There seems to be a rise in popularity of fasting. Variations in fasting techniques have been studied and been shown to improve indicators of physiological health. Most notably these include inflammation, body fat, lipid levels, and insulin sensitivity.
Blood glucose normally provides the body with sufficient energy through glycolysis. Glycolysis is the primary step of cellular respiration, which occurs in all organisms. It is a metabolic process that converts glucose into pyruvic acid and results in ATP production. The ATP molecule carries energy within cells, and is the main energy currency of our cells.
During fasting, maintenance of blood glucose levels initially relies on glycogen stores in the liver and skeletal muscle. Most of our glycogen is stored in the liver, which plays the greatest role in the maintenance of blood glucose during the first 24 hours of a fast. After that, glycogen stores are depleted causing the body to utilize energy stores from adipose tissue and protein stores. During this stage triglycerides are separated into free fatty acids and glycerol that the liver then converts into ketone bodies and glucose. These then become the input source for subsequent energy production.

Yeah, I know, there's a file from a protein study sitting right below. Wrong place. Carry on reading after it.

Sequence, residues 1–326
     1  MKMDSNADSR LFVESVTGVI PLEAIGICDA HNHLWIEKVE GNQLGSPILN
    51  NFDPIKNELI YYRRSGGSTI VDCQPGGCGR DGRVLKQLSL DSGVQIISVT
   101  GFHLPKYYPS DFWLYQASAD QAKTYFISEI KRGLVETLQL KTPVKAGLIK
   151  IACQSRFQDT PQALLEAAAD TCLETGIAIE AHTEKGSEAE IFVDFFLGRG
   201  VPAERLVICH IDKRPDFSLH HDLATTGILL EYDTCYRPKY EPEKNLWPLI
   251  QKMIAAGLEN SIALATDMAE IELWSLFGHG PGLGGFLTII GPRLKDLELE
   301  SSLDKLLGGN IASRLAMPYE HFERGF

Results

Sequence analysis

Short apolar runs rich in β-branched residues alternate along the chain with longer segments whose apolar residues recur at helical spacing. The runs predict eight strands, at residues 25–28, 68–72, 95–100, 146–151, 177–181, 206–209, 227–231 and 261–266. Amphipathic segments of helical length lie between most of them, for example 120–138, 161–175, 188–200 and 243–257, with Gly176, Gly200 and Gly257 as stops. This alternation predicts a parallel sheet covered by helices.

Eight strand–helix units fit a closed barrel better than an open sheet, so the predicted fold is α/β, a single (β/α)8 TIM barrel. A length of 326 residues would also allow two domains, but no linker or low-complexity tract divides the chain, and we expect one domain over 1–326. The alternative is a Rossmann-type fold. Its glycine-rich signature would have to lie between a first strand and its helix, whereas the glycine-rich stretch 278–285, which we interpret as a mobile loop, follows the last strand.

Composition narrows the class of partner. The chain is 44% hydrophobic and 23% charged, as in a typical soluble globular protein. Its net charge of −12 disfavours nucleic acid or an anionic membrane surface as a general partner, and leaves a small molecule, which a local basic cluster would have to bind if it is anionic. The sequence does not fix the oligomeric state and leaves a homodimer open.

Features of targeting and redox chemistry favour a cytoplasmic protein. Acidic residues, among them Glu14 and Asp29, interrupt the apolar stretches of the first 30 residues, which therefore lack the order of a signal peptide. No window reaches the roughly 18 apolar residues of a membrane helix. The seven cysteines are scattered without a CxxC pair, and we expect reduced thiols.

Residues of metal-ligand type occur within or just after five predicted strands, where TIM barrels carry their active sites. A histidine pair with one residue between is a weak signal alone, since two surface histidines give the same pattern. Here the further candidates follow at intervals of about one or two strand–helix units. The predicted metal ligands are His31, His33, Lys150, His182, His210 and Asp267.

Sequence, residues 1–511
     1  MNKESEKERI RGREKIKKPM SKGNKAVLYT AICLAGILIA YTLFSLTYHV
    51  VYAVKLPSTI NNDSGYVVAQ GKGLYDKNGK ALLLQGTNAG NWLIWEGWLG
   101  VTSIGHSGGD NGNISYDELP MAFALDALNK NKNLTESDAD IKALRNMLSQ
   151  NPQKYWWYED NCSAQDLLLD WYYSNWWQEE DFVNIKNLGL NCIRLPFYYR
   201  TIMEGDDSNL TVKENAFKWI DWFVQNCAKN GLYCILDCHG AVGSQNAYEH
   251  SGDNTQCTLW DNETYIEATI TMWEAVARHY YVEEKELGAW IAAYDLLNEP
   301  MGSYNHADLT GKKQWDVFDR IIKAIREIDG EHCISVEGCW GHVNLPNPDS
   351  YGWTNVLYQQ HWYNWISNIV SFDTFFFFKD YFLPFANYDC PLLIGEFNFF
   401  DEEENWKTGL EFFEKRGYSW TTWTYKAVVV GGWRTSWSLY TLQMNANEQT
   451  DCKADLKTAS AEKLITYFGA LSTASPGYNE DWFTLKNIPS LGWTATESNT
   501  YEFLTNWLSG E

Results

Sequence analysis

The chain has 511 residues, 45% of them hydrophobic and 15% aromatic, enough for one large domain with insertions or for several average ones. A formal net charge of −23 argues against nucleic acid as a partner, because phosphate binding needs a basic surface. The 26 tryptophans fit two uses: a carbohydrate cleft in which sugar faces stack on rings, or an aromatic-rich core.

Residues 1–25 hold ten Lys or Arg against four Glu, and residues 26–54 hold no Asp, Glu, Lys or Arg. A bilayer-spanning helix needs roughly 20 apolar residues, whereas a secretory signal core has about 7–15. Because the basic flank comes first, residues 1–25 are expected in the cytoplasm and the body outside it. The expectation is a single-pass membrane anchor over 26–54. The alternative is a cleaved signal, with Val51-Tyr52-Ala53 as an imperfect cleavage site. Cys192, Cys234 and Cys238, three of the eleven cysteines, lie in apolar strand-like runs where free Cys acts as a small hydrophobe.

It does not mean that fasting duration must be at least 24-hours. Intermittent fasting, involving the restriction of calories during shorter set periods of time, has been heavily studied and been shown to provide similar benefits. You can read more about the topic here.
This diagram gives an overview of considerations for intermittent fasting: